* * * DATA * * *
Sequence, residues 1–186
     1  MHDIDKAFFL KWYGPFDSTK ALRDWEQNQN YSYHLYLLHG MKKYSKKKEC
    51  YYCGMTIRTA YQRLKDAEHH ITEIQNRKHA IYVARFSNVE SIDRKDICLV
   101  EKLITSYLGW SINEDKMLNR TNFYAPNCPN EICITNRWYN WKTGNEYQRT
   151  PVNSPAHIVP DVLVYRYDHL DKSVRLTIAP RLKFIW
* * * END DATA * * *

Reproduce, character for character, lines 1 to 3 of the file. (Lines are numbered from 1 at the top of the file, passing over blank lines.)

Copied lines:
Sequence, residues 1–186
     1  MHDIDKAFFL KWYGPFDSTK ALRDWEQNQN YSYHLYLLHG MKKYSKKKEC
    51  YYCGMTIRTA YQRLKDAEHH ITEIQNRKHA IYVARFSNVE SIDRKDICLV